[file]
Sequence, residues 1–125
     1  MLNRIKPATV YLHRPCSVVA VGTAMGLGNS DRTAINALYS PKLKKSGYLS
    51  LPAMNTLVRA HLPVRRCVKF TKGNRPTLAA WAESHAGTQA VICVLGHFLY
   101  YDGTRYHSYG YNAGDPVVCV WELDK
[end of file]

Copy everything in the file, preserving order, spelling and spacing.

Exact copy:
Sequence, residues 1–125
     1  MLNRIKPATV YLHRPCSVVA VGTAMGLGNS DRTAINALYS PKLKKSGYLS
    51  LPAMNTLVRA HLPVRRCVKF TKGNRPTLAA WAESHAGTQA VICVLGHFLY
   101  YDGTRYHSYG YNAGDPVVCV WELDK